The therapists and counselors at Thriveworks Denver have helped many people who are struggling with anxiety and depression. We see each client as an individual—not an illness and not their symptoms. Our professionals work hard to find treatment plans that relieve their clients’ symptoms.
Anxiety and Depression: The Most Common Mental Illnesses
One in four adults in the United States will be diagnosed with an anxiety disorder at some point in their lives, and one in six adults will be diagnosed with depression. They are the most commonly experienced form of mental illness. While they are not the same, they often accompany each other and are frequently associated. In fact, as many as half of all people diagnosed with anxiety will also receive a depression diagnosis as well.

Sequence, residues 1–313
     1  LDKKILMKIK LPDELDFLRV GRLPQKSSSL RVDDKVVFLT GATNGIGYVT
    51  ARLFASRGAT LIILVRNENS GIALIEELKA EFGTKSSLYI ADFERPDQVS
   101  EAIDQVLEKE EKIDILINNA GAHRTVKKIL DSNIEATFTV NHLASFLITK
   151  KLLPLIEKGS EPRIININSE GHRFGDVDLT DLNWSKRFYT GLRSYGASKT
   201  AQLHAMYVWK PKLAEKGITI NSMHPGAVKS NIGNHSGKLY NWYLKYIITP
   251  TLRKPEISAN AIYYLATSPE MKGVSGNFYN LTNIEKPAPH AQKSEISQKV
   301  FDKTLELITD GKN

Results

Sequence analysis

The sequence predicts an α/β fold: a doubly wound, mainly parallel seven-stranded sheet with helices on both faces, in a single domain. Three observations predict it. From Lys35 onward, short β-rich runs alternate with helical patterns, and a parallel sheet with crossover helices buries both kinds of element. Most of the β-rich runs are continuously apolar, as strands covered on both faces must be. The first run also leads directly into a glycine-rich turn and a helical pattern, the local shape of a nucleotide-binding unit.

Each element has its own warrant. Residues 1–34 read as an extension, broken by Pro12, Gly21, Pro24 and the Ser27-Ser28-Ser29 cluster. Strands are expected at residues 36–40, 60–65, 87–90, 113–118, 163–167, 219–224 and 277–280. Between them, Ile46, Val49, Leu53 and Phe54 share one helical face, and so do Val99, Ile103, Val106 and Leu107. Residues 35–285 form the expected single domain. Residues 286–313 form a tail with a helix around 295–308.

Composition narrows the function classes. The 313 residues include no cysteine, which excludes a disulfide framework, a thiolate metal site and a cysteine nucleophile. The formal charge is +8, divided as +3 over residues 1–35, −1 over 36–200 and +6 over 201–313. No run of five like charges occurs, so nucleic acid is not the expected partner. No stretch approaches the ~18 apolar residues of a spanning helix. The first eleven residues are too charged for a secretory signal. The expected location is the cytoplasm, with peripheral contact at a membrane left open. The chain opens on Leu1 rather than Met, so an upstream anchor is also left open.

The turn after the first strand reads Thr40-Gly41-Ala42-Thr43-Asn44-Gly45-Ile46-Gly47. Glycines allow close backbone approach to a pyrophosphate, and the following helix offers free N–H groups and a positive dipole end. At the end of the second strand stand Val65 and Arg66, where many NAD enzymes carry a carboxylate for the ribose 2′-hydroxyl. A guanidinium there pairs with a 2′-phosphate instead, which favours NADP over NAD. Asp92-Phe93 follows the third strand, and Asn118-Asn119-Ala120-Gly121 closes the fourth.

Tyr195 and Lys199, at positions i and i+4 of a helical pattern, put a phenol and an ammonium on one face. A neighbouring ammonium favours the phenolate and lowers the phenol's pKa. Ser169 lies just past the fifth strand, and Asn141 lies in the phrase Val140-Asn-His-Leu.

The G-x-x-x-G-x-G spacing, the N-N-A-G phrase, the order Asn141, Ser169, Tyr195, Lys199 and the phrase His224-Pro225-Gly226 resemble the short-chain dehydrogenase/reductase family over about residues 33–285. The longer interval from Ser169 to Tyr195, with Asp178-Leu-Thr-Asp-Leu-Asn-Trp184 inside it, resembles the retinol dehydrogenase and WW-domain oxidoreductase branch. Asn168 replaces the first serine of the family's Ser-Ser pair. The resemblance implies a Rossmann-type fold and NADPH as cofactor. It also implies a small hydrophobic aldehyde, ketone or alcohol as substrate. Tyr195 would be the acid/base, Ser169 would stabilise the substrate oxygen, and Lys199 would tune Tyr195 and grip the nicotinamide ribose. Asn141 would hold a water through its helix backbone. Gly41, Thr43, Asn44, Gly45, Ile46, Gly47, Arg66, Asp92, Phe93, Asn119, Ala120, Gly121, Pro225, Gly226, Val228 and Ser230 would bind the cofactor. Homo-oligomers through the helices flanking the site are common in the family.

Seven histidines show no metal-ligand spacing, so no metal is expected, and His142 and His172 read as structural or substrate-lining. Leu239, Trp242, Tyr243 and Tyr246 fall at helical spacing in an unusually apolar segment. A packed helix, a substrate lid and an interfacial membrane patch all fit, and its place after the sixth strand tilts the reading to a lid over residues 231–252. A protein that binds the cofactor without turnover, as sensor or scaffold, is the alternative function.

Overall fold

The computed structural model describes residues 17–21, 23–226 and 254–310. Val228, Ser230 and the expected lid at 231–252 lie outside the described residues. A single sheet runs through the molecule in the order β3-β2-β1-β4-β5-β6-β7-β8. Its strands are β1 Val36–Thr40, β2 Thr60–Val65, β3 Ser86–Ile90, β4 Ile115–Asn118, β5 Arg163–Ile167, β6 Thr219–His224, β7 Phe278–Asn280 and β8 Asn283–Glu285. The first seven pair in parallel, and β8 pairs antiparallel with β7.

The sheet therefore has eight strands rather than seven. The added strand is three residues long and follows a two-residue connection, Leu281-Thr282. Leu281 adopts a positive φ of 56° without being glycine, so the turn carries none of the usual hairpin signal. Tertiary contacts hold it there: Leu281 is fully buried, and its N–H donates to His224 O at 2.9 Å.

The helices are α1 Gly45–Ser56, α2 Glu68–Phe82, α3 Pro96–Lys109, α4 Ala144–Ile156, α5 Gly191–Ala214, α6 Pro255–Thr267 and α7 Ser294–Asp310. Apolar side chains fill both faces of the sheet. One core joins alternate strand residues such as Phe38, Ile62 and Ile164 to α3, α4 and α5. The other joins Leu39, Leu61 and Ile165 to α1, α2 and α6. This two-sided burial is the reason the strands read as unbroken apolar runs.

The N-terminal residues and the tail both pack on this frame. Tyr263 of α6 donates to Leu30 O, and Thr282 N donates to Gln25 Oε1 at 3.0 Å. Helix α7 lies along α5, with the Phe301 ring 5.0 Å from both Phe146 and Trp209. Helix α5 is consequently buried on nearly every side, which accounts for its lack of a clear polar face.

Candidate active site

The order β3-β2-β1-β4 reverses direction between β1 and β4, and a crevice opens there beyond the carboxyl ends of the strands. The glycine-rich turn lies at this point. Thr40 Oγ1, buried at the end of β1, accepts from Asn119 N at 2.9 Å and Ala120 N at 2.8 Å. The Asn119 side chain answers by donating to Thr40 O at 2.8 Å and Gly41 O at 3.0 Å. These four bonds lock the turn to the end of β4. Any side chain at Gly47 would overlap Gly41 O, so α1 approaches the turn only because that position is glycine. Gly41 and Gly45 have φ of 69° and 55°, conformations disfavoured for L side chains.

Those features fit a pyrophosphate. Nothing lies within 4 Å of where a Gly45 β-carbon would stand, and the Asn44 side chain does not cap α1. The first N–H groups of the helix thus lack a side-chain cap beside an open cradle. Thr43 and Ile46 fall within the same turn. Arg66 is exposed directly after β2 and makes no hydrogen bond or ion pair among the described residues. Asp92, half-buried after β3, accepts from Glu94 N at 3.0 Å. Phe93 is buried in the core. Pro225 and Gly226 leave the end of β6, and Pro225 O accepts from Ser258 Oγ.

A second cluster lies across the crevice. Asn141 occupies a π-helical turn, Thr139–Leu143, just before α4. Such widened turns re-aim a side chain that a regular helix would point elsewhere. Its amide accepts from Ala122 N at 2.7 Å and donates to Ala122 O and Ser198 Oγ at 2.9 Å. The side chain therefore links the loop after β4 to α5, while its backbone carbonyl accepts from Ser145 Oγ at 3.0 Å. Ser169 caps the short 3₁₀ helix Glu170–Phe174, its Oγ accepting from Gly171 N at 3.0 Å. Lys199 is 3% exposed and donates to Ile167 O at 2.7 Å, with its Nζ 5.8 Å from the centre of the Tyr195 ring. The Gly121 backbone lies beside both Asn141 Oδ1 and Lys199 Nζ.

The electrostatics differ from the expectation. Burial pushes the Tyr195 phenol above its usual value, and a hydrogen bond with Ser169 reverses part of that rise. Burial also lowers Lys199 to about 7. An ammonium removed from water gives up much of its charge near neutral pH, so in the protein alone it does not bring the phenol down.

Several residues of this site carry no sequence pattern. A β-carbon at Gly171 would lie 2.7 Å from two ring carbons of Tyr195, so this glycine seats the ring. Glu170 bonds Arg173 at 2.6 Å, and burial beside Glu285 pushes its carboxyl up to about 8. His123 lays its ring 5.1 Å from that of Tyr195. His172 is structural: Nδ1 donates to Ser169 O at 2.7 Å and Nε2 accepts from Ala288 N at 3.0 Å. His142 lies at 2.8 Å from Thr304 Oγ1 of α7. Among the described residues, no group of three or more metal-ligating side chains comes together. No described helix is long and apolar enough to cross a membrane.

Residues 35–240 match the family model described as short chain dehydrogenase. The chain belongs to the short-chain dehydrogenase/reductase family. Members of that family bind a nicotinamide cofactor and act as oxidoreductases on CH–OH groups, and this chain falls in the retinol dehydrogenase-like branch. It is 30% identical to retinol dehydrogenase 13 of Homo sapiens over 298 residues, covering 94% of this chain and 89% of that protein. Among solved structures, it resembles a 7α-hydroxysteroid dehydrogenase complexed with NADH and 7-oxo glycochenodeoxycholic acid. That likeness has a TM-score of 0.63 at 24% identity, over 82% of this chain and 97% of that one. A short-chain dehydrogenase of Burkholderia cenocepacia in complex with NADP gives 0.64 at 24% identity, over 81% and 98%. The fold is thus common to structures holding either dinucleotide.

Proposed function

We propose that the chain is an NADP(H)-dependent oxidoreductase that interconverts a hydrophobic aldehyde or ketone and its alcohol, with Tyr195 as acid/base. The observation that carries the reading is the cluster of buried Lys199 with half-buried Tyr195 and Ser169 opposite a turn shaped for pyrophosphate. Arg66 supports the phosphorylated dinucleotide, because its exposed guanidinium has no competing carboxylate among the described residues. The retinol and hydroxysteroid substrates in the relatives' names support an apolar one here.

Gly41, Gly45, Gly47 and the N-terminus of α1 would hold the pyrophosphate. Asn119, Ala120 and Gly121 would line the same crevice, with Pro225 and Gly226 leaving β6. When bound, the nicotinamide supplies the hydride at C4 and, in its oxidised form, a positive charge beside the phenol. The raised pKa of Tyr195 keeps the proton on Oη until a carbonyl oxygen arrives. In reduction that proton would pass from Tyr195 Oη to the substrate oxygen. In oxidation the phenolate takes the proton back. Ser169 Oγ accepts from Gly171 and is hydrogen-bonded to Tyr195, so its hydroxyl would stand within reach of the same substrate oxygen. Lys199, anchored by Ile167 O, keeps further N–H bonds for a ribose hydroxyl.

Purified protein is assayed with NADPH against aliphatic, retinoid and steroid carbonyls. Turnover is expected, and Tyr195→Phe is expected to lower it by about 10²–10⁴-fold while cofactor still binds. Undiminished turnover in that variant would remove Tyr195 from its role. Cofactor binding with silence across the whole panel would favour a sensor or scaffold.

“Anxiety’s like a rocking chair. It gives you something to do,
but it doesn’t get you very far.”
– Jodi Picoult, Sing You Home
Even though anxiety and depression are widespread, myths about these mental illnesses abound. Loved one who have the best of intentions may offer advice about beating the blues or overcoming jitters. However, anxiety and depression are not phases that people just snap out of. They involve the following symptoms:
- Negative emotions that are overwhelming—sadness, hopelessness, and emptiness.
- Apathy toward formerly enjoyable activities.
- Psychological or emotional pain that is experienced physically (Psychosomatic pain).
- Suicide attempts and/or thoughts of dying.